Before English, French, and Spanish settlers came to North America, many Indigenous nations lived in the area, using its resources responsibly for generations. Of those tribes living in Canada, one of the most notable was the Wendat people (Wyandot), also commonly referred to as the Huron in English, or Hurrone among francophone people. The Huron people have survived for thousands of years, though through the course of European colonization and subsequent assimilation into white Euro-centric culture, many of their traditions were lost for good.
Today, around 21,000 live across small remnants of their ancestral lands in Canada, mostly in southern Quebec and especially around Quebec City. Some also live in the United States as well, mostly in the states of Kansas, Michigan, and Oklahoma. Their language is said to be of Iroquoian origins, though it was rapidly changed after they first made contact with French explorers in 1534. However, even before European settlers found their way to North America, the Huron had dispersed themselves across a wide area, ranging from central Ontario to the southern end of the Georgian Bay. Historians find it difficult to calculate exactly how numerous the Wendat population was during these times, although it is speculated to have reached between 30,000 and 45,000 people at its peak.
Along with standard Indigenous engineering traditions shared by various tribes, such as the creation of stick houses, teepees, and spears, the Huron people were also known to have been artists following European contact, due to their wide array of fine art forms they created. In fact, when we see Indigenous depictions created by Canadian aboriginals, we are quite often looking at those of the Huron. The Huron were also known for their artisanship in forming clay into pots and bowls.
Getting a taste of the cuisine of Huron culture is still possible today through the Huron-themed restaurants of Quebec, where you can enjoy some authentic dishes. These dishes are very healthy by modern standards and usually consist of natural ingredients that the Huron would have had at the time. These foods may include any type of game meat found in this part of North America, as well as berries and fish. Most Huron tribes were surrounded by wild mint, fir jelly, various berries, and black spruce, which they used as a spice. Some bread dishes are incorporated as well, introduced after early European settlers first colonized the area. The Huron people also farmed the Three Sisters crops of corn, beans and squash, a staple for many Indigenous tribes in the region.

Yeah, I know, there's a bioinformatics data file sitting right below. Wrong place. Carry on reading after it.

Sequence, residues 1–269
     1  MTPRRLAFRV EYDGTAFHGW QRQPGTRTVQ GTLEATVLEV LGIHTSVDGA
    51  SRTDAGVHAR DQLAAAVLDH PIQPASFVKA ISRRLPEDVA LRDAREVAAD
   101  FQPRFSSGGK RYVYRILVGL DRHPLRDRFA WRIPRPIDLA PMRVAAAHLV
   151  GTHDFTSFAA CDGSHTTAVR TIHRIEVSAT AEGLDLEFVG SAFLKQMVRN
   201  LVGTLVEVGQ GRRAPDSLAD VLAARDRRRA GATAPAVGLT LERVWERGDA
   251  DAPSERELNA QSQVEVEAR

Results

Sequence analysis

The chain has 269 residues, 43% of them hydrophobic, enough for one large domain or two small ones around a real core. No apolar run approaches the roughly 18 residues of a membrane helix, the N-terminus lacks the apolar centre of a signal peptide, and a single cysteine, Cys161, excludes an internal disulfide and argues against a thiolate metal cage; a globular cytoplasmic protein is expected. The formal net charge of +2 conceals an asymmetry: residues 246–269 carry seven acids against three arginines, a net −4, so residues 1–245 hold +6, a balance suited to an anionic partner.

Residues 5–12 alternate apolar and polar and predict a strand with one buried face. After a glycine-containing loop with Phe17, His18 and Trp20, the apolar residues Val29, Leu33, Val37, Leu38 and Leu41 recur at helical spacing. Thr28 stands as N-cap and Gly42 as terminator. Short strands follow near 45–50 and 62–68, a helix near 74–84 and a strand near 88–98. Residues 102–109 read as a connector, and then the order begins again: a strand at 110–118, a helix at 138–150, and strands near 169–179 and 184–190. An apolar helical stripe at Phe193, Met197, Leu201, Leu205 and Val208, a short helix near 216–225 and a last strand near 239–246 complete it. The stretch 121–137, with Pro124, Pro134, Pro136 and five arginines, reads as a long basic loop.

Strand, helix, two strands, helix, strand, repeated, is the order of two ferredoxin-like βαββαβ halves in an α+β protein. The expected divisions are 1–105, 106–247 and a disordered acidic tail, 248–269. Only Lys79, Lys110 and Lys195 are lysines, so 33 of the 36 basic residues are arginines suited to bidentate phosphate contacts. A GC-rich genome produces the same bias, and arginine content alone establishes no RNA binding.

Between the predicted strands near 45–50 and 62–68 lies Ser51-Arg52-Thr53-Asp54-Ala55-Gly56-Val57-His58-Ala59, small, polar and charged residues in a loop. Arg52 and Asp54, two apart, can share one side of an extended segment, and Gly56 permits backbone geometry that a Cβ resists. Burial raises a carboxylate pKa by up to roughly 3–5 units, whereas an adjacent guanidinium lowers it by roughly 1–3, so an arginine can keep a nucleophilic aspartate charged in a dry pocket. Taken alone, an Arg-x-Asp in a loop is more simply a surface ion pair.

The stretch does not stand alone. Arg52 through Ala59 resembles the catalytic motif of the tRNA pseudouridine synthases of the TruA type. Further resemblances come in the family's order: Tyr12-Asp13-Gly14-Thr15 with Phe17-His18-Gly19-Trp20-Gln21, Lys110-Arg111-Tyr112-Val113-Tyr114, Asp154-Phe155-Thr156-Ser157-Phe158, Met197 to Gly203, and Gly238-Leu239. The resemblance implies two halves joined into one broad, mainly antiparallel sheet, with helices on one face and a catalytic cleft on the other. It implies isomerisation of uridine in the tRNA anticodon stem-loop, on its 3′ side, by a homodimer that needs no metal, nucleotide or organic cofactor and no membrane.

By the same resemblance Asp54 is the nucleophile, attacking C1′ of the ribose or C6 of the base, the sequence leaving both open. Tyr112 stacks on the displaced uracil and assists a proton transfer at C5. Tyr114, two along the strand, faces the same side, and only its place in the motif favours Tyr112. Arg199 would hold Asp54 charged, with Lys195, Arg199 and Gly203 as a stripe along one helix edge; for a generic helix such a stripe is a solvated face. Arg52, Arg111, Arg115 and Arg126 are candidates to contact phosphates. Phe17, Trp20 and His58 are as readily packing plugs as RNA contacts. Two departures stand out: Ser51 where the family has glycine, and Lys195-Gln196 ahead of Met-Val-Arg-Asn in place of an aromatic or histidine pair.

The Huron tribes were among the first in the region to establish formal tribal chains of command and a system through which everyone in the tribe could contribute. They managed their own internal affairs and created a hierarchy, complete with chiefs, scavengers, laborers, and other roles important to the tribe.
When the Europeans arrived to colonize North America, the Huron people became allies with the French explorers in order to trade with them. They traded for, among other things, weapons in order to defend themselves against their enemies, the Haudenosaunee (Iroquois).
Initially, the greatest threats to the Huron people were the rival Haudenosaunee, who dominated portions of what are today southeast Canada and the Northeast United States prior to European contact. The Huron people worked closely with the French settlers, and they even let one prominent Frenchman, Pierre Boucher, live within their community. The Iroquois tribes often fought with the French settlers, and by default would often attack the Huron as well. These attacks eventually forced the Huron tribes to move further west.
Along with the immediate threat of other tribes, the Huron people also experienced assimilation by the French settlers. The Jesuits, who were a group of missionary Catholic men, began to try to convert the local Huron population to Christianity. At the same time, the French explorers enforced the nation's use of French as a language, which most Huron living today continue to speak. It was through such processes that a great deal of the Hurons' language and belief systems were ultimately forgotten or destroyed.